I ran my circus once + Vogue (here) asked me to come to their studio + let them make photographs—so I did + then I ran it again in their studio. But since then I have shut up the show and am going to leave it there for a long time as it hinders my work. There is a very fine bronze foundry at the end of Villa Brune—so I am soon going to delve into cire perdue.
I have been carving, and painting a bit, and
am really getting underway.
My grandfather’s creative process was intuitive and direct, and his work in bronze was no exception. For his first foray into the medium in 1930, he tried divining action out of stationary mass. A master of anatomy who knew how to make beautiful objects, Calder obviously and convincingly shied away from the beauty of the figure and made works about action or its ill aftereffects. The two most exciting of the group are Pieds en l’air and Tête par terre, both of which depict the moment of impact after a fall. In Pieds en l’air, the action is defined by the figure on her back, with two legs jutting awkwardly in the air and arms and hair being roughly thrown back onto the ground. In Tête par terre, the figure is wretchedly distorted, with his face planted flat on the ground. In addition, we find sad horses, a forlorn cow and donkey, a malnourished cat, and an abused elephant.
Instead of wax or clay, which remain pliable indefinitely, Calder chose to work directly in plaster, which has a brief workable time frame. As the son and grandson of master bronze sculptors, he was intimately familiar with conventional techniques; his decision to work in such an immediate way—to mold his materials in the half-life, somewhere between a soupy mess and solidified crystals—was deliberate. Formed, squeezed, and cajoled by my grandfather’s hands in a matter of minutes, the 1930 plasters all have visible fingerprints that add to their intimate complexion.
In the spring of 1944, the architect Wallace K. Harrison suggested that Calder sculpt large outdoor works in concrete for an International Style architectural project. As Calder recalled in his autobiography, “Wally Harrison had suggested I make some large outdoor objects which could be done in cement. He apparently forgot about his suggestion immediately, but I did not and I started to work in plaster. I finally made things which were mobile objects and had them cast in bronze—acrobats, animals, snakes, dancers, a starfish, and tightrope performers.” In November of that year, Buchholz Gallery/Curt Valentin in New York devoted its first Calder exhibition to these modeled forms in plaster and bronze. The artist’s illustrations of the sculptures—along with handwritten prices and notes—can be seen in the annotated catalogue from the Calder Foundation’s archives.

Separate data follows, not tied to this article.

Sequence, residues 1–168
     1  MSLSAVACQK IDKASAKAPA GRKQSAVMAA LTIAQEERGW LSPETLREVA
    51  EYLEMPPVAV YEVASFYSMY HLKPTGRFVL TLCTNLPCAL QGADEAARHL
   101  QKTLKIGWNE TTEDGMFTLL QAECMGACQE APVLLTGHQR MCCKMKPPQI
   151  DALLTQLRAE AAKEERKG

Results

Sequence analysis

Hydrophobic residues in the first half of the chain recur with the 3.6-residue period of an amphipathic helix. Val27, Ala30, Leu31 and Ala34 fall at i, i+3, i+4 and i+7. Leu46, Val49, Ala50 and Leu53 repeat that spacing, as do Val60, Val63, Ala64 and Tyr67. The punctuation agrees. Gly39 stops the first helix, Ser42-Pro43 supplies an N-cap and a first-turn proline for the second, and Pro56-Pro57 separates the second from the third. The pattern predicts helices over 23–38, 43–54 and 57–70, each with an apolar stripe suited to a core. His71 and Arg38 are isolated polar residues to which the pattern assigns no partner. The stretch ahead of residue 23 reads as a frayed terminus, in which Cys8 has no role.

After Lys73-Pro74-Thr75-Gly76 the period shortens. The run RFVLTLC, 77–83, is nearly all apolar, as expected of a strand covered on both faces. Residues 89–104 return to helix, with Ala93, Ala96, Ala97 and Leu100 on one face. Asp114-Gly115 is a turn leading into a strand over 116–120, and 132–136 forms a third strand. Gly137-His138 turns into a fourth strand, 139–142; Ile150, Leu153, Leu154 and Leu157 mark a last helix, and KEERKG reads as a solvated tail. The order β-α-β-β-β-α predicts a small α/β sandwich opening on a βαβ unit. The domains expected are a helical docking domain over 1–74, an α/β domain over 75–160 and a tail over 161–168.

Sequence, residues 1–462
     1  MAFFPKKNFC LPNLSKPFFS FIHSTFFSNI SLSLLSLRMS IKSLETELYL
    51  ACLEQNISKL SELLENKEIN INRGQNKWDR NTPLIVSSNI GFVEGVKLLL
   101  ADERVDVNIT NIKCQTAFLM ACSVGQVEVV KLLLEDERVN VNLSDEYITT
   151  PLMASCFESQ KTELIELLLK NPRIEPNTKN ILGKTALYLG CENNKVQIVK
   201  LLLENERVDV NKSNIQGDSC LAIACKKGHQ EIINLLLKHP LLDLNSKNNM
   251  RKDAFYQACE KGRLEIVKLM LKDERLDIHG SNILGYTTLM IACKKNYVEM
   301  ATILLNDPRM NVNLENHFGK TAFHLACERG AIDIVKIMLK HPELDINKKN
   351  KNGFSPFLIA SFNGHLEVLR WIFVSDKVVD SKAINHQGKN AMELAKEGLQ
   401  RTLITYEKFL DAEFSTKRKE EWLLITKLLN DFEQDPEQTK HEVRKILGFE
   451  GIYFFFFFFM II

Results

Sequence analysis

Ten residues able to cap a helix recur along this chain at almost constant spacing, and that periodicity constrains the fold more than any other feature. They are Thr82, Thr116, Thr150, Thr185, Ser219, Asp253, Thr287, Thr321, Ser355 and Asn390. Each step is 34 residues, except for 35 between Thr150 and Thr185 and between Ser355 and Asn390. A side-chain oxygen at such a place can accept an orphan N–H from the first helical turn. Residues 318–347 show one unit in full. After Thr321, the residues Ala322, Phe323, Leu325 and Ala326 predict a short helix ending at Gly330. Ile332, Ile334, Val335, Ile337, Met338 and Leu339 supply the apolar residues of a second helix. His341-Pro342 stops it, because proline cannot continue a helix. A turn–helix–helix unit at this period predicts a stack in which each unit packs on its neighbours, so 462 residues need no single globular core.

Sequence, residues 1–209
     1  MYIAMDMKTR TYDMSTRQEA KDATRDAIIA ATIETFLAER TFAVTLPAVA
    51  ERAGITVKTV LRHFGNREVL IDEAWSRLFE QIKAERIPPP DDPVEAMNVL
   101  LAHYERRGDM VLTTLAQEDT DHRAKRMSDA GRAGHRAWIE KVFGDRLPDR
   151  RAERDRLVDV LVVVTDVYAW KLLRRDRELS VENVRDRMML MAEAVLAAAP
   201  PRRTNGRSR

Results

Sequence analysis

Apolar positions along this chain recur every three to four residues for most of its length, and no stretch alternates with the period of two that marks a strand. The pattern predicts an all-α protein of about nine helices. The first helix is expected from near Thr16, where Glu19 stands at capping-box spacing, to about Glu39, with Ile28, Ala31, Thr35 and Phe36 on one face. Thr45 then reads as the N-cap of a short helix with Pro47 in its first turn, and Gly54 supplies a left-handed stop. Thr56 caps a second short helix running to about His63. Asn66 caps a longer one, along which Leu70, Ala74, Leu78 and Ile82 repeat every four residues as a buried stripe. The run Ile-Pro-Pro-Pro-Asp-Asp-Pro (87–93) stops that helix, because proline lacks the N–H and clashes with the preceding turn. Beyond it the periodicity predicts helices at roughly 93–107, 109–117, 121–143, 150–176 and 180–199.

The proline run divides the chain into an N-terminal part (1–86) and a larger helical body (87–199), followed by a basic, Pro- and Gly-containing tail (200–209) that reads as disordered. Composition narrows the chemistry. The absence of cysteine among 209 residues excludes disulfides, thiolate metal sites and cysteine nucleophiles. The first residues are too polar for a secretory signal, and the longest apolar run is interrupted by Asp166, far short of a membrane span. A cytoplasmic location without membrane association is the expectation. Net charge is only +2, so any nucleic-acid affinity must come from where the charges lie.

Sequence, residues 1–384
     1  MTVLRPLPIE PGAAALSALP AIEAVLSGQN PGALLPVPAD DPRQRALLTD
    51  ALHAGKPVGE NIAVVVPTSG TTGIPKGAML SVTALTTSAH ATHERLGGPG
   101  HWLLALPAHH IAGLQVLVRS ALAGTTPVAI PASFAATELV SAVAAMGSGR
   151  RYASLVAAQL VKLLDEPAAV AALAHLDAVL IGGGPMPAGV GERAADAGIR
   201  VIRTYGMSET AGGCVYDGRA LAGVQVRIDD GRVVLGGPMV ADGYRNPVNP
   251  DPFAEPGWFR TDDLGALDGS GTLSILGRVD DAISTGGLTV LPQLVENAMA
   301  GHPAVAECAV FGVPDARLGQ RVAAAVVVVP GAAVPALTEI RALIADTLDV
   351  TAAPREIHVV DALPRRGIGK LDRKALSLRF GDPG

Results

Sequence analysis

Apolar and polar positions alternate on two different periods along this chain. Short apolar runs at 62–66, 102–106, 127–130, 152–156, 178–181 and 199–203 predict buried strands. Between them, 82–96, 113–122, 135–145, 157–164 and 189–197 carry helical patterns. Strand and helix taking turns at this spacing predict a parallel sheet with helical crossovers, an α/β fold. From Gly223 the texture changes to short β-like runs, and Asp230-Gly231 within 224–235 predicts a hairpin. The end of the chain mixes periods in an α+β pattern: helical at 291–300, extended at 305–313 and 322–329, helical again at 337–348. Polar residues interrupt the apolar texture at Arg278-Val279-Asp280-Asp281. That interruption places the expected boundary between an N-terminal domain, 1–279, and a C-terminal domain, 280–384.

It is critical to remember that these handsome bronzes of 1944 were not intended for a domestic setting, nor were they conceived on a human scale. Instead, they were envisioned as giant monuments to exist some 30 or 40 feet tall. Try to imagine how imposing On One Knee would have been in modern concrete with its six separate and balanced sections as huge lumbering forms, gesticulating high above. Considering its size and the fact that it was contemporaneously cast in aluminum, On One Knee was likely the work that Calder chose for Harrison’s approval. A sense of the scale Calder envisioned for the works can be divined from drawings in which humans and animals frolic on his bronzes.
In 1943, Calder ruminated, “A knowledge of, and sympathy with, the qualities of the materials used are essential to proper treatment … Bronze, cast, serves well for slender, attenuated shapes. It is strong even when very slender.” A year later, Calder stretched the medium to its limits. In Egg-Beater, Calder devised a way to make bronze permeable with undercut forms of string, wire, and coatings of plaster that technicians then had to somehow figure out how to cast. In kinetic works such as The Helices, the tremendous extension of the lines without additional structure allows two helixes to balance on point such that they can rotate in syncopation or opposition. A recently discovered photograph from 1944 attests to the sheer range of experimentation in plaster that took place during this time. Atop the piano in his jam-packed Roxbury studio rests a forest of plasters, a tangled mass of elongated extremities.
While Calder’s experimentation in bronze began with convenience—the Fonderie Valsuani, located at 74 rue des Plantes, was only 120 meters from his studio at 7 Villa Brune in Paris—it ended with an irrepressible exploration of stretching, pulling, and layering the medium. Recalling his 1944 bronzes, Calder remarked, “This was rather an expensive venture and did not sell very well, so I abandoned it for my previous technique. It was also disagreeable to have to check the manipulations of some other person working on the objects at the foundry. However, I play with the idea, from time to time, of going back to this medium.”
Hauser & Wirth, Somerset, England. Calder: From the Stony River to the Sky. Exhibition catalogue. 2018.
Susan Braeuer Dam, For the Open AirSolo Exhibition Catalogue